An $11 million project to upgrade and improve the West Lafayette Public Library — including a new entrance and outdoor area — is set to begin in summer 2020, announced at Monday’s West Lafayette city council meeting.
Local growth in the area and increased library usage, coupled with necessary maintenance upgrades, prompted the upgrade, according to the proposal for the project.
“The building and grounds were well-built in 2003 ... and we recognize the need to repair and replace some elements of the building and streetscape 15-plus years later,” Nick Schenkel, director of the library, said.
A facility study of the building helped identify various improvements for the library. The library wants to improve the local history and archive areas, expand programs spaces and increase collaborative learning spaces as well as children and teen areas within the library.
The library also aims to develop the outdoor “hardscape,” which is located off the Northwestern Avenue side of the building. The plan is meant to better fit the city’s plans for festivals and daily use, the project concept said.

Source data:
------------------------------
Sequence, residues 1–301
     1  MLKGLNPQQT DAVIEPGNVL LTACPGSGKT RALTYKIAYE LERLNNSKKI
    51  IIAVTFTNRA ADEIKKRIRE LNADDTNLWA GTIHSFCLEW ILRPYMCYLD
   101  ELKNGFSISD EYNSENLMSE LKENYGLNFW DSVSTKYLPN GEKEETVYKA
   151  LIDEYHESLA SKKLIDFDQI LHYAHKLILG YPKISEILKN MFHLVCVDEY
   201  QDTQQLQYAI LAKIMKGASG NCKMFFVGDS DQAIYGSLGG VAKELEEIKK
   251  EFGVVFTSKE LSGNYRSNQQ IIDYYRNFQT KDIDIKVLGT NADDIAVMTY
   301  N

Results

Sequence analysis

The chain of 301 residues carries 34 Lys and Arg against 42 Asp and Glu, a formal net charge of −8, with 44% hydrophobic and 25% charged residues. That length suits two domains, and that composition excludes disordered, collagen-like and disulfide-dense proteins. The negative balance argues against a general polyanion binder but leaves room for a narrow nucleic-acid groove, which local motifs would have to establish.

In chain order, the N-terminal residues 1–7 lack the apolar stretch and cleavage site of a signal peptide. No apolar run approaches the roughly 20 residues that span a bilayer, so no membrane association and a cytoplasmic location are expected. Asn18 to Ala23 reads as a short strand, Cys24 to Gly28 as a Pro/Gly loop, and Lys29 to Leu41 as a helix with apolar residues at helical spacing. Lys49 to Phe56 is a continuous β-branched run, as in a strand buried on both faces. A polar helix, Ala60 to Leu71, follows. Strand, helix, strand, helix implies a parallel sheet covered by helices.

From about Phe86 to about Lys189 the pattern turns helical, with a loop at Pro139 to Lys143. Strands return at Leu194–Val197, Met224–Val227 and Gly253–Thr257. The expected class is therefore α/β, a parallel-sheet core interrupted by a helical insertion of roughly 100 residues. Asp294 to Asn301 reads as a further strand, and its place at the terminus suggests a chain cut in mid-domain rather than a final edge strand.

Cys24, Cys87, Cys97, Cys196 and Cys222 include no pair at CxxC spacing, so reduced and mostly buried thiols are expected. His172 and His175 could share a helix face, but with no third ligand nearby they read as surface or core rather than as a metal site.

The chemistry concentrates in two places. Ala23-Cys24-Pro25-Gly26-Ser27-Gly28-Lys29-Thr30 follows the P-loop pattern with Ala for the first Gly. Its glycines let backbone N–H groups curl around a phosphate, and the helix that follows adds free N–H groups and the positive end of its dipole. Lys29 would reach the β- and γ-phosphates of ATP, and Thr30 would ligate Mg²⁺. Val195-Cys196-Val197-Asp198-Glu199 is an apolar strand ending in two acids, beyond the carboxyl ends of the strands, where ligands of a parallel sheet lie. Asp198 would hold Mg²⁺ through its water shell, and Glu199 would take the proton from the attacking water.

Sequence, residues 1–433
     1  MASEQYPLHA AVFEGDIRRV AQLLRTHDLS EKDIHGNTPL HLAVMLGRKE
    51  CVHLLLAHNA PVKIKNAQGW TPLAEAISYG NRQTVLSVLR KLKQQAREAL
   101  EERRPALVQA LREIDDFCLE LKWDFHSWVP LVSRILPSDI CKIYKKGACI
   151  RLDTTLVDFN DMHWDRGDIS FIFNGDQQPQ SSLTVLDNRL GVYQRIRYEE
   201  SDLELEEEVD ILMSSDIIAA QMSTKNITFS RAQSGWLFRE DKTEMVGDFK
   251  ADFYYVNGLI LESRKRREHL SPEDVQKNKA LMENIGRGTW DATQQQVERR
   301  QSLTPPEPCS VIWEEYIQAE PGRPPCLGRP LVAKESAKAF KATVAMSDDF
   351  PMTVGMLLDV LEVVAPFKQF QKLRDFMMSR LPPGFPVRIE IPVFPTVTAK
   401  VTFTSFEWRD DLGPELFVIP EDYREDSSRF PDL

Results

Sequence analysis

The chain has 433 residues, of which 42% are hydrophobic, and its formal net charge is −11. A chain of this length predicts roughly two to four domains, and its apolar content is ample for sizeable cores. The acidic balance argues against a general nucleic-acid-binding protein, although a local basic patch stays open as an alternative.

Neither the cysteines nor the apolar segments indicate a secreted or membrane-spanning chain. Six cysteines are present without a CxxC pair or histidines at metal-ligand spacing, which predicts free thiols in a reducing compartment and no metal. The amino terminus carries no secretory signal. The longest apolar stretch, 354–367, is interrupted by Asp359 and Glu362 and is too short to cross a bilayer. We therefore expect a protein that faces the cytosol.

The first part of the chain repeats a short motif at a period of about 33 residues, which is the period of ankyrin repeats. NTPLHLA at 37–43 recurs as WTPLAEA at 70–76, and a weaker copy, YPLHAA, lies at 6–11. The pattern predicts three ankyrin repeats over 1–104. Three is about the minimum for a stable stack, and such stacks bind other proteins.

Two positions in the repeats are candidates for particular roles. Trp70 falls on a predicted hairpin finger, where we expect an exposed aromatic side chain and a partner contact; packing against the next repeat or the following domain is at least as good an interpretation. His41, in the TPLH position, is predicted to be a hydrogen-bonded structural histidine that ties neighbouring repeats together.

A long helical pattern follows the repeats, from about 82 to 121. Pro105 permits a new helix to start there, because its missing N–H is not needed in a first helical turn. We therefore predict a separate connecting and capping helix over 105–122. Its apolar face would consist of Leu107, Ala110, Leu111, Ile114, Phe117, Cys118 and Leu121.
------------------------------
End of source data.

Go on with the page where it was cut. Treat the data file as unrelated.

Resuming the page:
“We would love to redevelop the streetscape to make it more attractive for the uses that the village is now seeing,” Schenkel said.
A feasibility study conducted by Caring Architects identified over $11 million in “potential project options and scope,” according to the project concept.
Caring Architects contacted library staff, community members and the students at West Lafayette Jr./Sr. High School, according to Schenkel.
In addition to the upgrades to the building, the project will improve the parking garage across the street.
“The project will call, I think, for some improvements to the garage — improvements in lighting, improvements in signage, that sort of thing,” Schenkel said.
Schenkel also mentioned that while they currently have a part-time staffer working at the garage, they hope “to install a parking control system that would give us much more robust control over use of the parking by the community.”
The parking, Schenkel noted, is meant for library patrons first, “and then other residents and other members of the community are welcome to use it.”
The plan also highlights that the project does not include the raising of property taxes to fund the project and that the library board determined it will keep the project under the $11 million mark. Around $3 million is associated with maintenance costs to the building and systems.
The plan expects the construction of the project to begin in the late summer 2020 and be completed in spring 2022.